Yesterday, today – far off in the African south, where only a few years ago a tranquil little people lived by their labor and in peace, there we saw how the English wreak havoc, these same Englishmen who in Martinique save the mother her children and the children their parents: there we saw them stamp on human bodies, on children’s corpses with brutal soldiers’ boots, wading in pools of blood, death and misery before them and behind.

Ah, and the Russians, the rescuing, helping, weeping Tsar of All the Russians – an old acquaintance! We have seen you on the camparts of Praga, where warm Polish blood flowed in streams and turned the sky red with its steam. But those were the old days. No! Now, only a few weeks ago, we have seen you benevolent Russians on your dusty highways, in ruined Russian villages eye to eye with the ragged, wildly agitated, grumbling mob; gunfire rattled, gasping muzhiks fell to the earth, red peasant blood mingled with the dust of the highway. They must die, they must fall because their bodies doubled up with hunger, because they cried out for bread, for bread!

 And we have seen you too, oh Mother Republic, you tear-distiller. It was on May 23 of 1871: the glorious spring sun shone down on Paris; thousands of pale human beings in working clothes stood packed together in the streets, in prison courtyards, body to body and head to head; through loopholes in the walls, mitrailleuses thrust their bloodthirsty muzzles. No volcano erupted, no lava stream poured down. Your cannons, Mother Republic, were turned on the tight-packed crowd, screams of pain rent the air – over 20,000 corpses covered the pavements of Paris!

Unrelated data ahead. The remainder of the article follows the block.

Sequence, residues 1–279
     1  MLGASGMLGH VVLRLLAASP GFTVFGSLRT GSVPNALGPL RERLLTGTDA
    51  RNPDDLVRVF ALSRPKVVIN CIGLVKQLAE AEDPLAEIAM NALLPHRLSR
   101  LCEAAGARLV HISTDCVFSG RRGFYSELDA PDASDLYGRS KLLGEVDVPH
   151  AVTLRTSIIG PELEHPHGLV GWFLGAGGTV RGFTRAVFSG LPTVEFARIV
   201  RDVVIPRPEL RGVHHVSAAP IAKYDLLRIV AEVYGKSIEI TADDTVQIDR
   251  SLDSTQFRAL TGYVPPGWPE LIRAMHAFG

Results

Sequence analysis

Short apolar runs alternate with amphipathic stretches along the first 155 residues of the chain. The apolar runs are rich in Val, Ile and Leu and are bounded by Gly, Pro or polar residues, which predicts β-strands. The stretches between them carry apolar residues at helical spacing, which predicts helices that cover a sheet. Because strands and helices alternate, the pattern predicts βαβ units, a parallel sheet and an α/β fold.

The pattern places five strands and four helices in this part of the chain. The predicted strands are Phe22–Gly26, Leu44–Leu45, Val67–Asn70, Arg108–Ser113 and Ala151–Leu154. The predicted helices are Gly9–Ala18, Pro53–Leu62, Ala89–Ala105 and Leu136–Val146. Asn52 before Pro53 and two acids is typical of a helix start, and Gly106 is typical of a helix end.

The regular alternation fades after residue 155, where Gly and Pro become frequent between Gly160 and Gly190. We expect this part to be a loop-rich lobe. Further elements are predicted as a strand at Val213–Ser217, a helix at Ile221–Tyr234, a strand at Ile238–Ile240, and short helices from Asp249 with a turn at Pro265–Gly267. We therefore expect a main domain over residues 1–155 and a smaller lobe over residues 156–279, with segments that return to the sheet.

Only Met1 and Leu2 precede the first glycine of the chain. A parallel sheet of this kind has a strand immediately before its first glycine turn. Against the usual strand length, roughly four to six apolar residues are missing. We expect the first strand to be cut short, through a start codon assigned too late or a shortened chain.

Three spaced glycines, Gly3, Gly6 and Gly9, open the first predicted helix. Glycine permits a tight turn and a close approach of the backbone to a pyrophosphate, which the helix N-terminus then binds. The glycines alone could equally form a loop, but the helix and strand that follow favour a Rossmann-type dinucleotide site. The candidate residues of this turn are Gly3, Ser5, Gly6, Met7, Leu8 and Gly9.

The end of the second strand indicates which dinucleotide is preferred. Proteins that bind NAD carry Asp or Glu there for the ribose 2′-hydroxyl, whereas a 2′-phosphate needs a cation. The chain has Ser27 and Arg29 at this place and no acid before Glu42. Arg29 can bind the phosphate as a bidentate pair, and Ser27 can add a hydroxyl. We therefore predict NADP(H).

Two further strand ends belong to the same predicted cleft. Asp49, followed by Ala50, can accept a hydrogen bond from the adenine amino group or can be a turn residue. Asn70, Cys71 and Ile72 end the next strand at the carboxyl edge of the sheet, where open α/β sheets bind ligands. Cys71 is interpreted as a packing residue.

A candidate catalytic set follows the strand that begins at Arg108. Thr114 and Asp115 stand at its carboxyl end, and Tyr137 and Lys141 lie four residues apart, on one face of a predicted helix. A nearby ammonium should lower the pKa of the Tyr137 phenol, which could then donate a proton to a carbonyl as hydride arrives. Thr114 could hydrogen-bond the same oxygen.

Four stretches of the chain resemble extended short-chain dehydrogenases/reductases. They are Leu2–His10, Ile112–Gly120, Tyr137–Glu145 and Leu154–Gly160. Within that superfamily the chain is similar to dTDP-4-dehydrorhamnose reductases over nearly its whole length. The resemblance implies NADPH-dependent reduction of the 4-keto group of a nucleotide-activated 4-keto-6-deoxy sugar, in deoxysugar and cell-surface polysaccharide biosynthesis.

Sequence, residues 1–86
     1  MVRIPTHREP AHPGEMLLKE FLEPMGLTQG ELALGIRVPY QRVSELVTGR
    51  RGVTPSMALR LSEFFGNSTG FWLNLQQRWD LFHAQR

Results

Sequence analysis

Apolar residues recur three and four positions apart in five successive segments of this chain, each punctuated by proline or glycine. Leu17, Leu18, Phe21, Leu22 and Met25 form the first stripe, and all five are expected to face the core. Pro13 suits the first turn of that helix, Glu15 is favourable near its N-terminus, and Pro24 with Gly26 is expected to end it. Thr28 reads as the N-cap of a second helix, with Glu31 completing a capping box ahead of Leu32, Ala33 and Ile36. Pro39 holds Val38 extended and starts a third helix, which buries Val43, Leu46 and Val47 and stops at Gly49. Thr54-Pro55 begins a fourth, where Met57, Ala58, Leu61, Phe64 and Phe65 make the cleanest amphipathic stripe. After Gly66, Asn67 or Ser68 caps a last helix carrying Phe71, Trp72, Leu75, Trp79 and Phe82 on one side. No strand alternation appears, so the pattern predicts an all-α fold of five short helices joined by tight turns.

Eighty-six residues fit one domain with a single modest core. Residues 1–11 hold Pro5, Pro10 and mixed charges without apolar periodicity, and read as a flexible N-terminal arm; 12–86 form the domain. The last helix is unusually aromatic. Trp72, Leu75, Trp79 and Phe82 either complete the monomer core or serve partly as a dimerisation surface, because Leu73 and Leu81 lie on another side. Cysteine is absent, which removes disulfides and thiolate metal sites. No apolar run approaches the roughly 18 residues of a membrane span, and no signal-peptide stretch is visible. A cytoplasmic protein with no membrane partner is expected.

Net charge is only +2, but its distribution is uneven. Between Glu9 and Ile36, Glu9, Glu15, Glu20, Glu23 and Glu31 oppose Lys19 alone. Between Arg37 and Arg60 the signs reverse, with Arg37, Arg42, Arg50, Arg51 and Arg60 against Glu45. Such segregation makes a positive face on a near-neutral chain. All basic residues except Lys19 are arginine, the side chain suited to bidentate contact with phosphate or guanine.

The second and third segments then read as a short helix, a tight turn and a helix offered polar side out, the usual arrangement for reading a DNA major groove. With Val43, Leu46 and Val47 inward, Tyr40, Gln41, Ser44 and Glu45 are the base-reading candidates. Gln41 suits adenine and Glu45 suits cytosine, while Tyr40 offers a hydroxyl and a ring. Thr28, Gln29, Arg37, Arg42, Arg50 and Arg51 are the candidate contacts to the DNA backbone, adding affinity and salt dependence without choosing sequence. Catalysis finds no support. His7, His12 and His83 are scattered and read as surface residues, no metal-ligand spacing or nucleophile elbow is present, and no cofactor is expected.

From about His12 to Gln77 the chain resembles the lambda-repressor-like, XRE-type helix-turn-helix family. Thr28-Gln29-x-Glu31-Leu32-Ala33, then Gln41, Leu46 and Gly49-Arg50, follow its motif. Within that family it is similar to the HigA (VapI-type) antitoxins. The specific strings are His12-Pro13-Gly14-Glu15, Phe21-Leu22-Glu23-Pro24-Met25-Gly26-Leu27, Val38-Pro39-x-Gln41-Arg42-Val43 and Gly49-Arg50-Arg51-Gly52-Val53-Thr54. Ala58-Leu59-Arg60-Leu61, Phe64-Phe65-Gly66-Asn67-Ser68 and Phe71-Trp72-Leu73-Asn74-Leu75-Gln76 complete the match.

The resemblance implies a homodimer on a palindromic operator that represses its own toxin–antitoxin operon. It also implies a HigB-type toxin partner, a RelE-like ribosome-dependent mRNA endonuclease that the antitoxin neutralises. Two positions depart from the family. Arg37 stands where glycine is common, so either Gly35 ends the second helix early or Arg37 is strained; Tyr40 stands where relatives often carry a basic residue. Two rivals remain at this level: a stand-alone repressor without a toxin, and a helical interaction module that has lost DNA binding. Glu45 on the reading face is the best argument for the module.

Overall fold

And all of you – whether French and English, Russians and Germans, Italians and Americans – we have seen you all together once before in brotherly accord, united in a great league of nations, helping and guiding each other: it was in China. There too you forgot all quarrels among yourselves, there too you made a peace of peoples – for mutual murder and the torch. Ha, how the pigtails fell in rows before your bullets, like a ripe grainfield lashed by the hail! Ha, how the wailing women plunged into the water, their dead in their cold arms, fleeing the tortures of your ardent embraces!

 And now they have all turned to Martinique, all one heart and one mind again; they help, rescue, dry the tears and curse the havoc-wreaking volcano. Mt. Pelee, great-hearted giant, you can laugh; you can look down in loathing at these benevolent murderers, at these weeping carnivores, at these beasts in Samaritan’s clothing. But a day will come when another volcano lifts its voice of thunder: a volcano that is seething and boiling, whether you need it or not, and will sweep the whole sanctimonious, blood-splattered culture from the face of the earth. And only on its ruins will the nations come together in true humanity, which will know but one deadly foe – blind, dead nature.

 [First Published: Leipziger Volkszeitung, May 15, 1902. Translated: David Wolff, News & Letters, Jan.-Feb. 1983. Online Version: mea 1996; 1999. Transcribed: Dave Hollis/Brian Baggins.]